More than 300 leeks were presented today to soldiers and friends of the Welsh Guards to celebrate St David’s Day.
The Guards are celebrating early as this year the Saint’s Day, 1 March, falls on a Saturday.
The ceremony dates back to 1916, when the day was first marked with ceremonial leeks by Welsh Guards on the Somme. Since then, the event has been an annual highlight in the Guards’ calendar.
Dydd Gwyl Dewi Sant Hapus!
300 leeks were given to soldiers and another 10 to members of the regimental association at Cavalry Barracks in Hounslow, Middlesex, and all on parade were wished a hearty “Dydd Gwyl Dewi Sant Hapus!” – “Happy St David’s Day!”
Commanding Officer Lieutenant Colonel Giles Harris said: “St David’s Day has always been a particularly important day for the Welsh Guards. We’ve celebrated it every year wherever we are since our foundation – in peace or war.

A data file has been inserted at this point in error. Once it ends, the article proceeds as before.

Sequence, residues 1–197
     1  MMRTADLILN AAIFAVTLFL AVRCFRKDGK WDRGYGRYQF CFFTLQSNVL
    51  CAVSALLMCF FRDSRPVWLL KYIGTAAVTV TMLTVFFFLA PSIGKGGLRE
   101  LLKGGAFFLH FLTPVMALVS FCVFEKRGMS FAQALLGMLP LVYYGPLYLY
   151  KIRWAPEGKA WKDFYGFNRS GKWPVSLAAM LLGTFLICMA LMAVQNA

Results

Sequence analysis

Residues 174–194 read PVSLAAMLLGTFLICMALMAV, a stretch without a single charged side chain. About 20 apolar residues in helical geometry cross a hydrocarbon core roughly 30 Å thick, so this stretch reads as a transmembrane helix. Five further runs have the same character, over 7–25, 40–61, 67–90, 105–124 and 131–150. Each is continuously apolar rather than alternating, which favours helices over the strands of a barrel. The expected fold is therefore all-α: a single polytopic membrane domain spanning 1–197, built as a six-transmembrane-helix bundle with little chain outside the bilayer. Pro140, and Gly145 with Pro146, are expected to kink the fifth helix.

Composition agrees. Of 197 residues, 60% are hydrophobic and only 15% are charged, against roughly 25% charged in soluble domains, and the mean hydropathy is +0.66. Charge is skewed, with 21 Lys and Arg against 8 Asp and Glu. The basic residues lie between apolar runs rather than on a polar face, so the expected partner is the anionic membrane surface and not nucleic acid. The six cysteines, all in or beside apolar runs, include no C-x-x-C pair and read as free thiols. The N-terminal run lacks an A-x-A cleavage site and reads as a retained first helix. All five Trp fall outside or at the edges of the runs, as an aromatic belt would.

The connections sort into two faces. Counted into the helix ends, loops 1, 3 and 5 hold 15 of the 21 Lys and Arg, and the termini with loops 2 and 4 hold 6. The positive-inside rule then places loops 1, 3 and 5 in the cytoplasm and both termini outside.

“We are fiercely proud of our Welsh origins and celebrating our patron Saint on St David’s Day is a key part of the year.
“This year in particular, which marks the 100th anniversary of the start of the First World War has particular resonance for the Regiment. The Great War led to our formation on 26 February 1915 as the fifth and final Regiment of Foot Guards. Although we are presented with leeks to honour the Saint’s Day each year, we wear the emblem of the leek everyday, as it is an integral part of our uniform. You can see the famous symbol on our buttons and our cap badges, and we’re all proud of its association with Wales.”
King Cadwaladr of Gwynedd
According to ancient legend, King Cadwaladr of Gwynedd began the tradition when he ordered his soldiers to identify themselves by wearing the vegetable on their helmets in a fierce battle against the Saxons that took place in a leek field. The leek has long been a symbol of Wales: Shakespeare refers to the custom of Welsh soldiers wearing a leek as an “ancient tradition” in his history play Henry V.
As part of the day’s celebrations, families tucked into Welsh Cakes and watched the historic ceremony, which involved the 1st Battalion, Welsh Guards and the Band of the Welsh Guards, from the Corps of Army Music, who provided appropriate Welsh themed musical accompaniment.
Original article written by and sourced from – army.mod.uk